Surface functionalization with thiols: a novel STRATegy in CATalyst design for the efficient reduction of CO2 to C2 products

Project period: 2019-2021

Grant: DKK 1.5 mio.

The context
The chemical industry is a key sector in the European economy: today, it generates 1.1% of the European Union’s gross domestic product and ca. 1.15 million direct jobs. It is also the EU’s largest industrial energy consumer and third largest industrial emitter of carbon dioxide.

In its climate action roadmap, the European Commission targets an 80% reduction of greenhouse gas emissions by 2050 (compared to 1990 levels) as well as a nearly exclusive use of low-carbon energy sources in power generation. The chemical industry is a crucial stakeholder for achieving these goals by (1) replacing fossil feedstocks, (2) electrifying its production processes to make use of renewable energy, and (2) providing large-scale solutions for energy storage from intermittent renewable sources. In this context, the Climate Action roadmap sets the stage for nothing less than a fundamental transformation of the European chemical industry.

Combining the electrochemical CO2 reduction reaction (eCO2RR) with increasingly affordable renewable energy sources provides groundbreaking opportunities to use CO2 as a medium for energy storage and as a raw material in chemical production. In particular, ethanol and ethylene are high-value products that can be obtained from the eCO2RR, with wide applications as a fuel and as a building block in the chemical industry. For example, synthetic ethanol from CO2 can be easily integrated in the current transport infrastructure while avoiding the negative effects on food supply and land use associated with bioethanol. On the other hand, ethylene is one of the backbones of the chemical industry its worldwide production is the largest among all organic compounds.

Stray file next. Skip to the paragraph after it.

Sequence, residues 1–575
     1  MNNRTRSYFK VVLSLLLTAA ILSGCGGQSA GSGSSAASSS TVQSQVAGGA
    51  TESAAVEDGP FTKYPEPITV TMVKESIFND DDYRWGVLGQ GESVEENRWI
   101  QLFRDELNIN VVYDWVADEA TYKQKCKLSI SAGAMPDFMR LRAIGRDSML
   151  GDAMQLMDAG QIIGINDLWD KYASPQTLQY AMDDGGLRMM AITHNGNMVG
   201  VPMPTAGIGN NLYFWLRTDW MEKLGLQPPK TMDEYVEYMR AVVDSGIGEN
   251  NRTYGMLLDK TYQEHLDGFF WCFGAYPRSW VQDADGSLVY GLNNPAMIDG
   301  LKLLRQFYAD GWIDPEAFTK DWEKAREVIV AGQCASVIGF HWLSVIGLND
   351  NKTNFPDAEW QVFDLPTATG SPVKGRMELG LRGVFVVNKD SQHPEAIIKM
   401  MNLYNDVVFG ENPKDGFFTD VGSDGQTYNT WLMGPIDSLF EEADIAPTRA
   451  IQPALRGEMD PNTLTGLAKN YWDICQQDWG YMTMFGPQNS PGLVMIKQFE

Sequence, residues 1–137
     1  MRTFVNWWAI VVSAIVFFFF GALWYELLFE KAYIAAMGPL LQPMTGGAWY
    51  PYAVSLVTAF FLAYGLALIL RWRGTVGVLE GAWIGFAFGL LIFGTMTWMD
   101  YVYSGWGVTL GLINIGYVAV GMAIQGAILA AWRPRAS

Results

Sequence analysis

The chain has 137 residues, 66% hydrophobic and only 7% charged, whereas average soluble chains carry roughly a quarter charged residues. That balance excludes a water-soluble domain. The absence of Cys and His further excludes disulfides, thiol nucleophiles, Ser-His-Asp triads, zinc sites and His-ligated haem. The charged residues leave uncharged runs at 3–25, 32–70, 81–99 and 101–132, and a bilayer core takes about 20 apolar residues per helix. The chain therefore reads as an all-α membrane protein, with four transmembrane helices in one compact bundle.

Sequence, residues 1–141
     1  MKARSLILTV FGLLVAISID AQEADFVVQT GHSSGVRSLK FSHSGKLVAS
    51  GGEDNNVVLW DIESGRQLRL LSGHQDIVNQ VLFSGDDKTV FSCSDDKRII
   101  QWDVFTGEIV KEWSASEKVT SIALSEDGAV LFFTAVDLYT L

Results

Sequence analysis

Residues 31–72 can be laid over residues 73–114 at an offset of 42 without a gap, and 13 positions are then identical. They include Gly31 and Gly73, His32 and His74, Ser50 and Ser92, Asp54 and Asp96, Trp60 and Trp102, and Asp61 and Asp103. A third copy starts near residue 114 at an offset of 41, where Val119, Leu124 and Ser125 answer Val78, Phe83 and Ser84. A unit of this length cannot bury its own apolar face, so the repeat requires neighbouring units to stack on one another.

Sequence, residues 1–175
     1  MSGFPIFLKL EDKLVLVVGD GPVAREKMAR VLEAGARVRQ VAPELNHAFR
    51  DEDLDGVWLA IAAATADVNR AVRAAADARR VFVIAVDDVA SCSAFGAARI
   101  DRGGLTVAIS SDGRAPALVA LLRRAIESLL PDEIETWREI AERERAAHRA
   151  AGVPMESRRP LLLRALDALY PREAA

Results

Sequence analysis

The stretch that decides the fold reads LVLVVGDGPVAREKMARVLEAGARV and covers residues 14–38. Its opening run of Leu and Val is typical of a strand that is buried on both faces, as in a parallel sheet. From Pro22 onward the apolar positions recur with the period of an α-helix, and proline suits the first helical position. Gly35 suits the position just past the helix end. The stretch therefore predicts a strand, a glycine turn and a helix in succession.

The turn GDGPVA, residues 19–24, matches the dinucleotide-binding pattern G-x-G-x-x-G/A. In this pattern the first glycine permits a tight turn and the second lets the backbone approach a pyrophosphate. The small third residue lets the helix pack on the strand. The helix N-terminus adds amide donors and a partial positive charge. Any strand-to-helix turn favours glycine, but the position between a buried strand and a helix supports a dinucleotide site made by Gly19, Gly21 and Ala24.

Toward a new breed of electrocatalysts

Several heterogeneous catalysts have demonstrated the potential of adsorbed organic ligands to tune catalytic activity and selectivity. The Lindlar catalyst, widely used in organic synthesis for the hydrogenation of alkynes to alkenes, is perhaps the best-known case. In this palladium-based hybrid material, adsorbed quinoline molecules form a geometric arrangement on the surface that prevents the formation of unwanted oligomers, allowing the catalyst’s high selectivity. In the development of catalysts for CO2 reduction, however, this powerful strategy of using adsorbed modifiers has been mostly neglected.

Aiming to close this knowledge gap, this project has the following objectives:

  1. To gain a fundamental understanding of how electronic and geometric effects from adsorbed organic molecules modulate selectivity and activity toward C2 products over surface-functionalized electrodes. 
  2. To build on this understanding to develop a catalyst that shows high efficiency in reducing CO2 to ethylene and/or ethanol at industrially relevant current densities in a MEA-type electrolyzer.

This project has received funding from the European Union's Horizon 2020 research and innovation programme under grant agreement 8444288 (STRATCAT-CO2).

Link to description in EU project database:


Brian Seger
DTU Physics
+45 45 25 31 74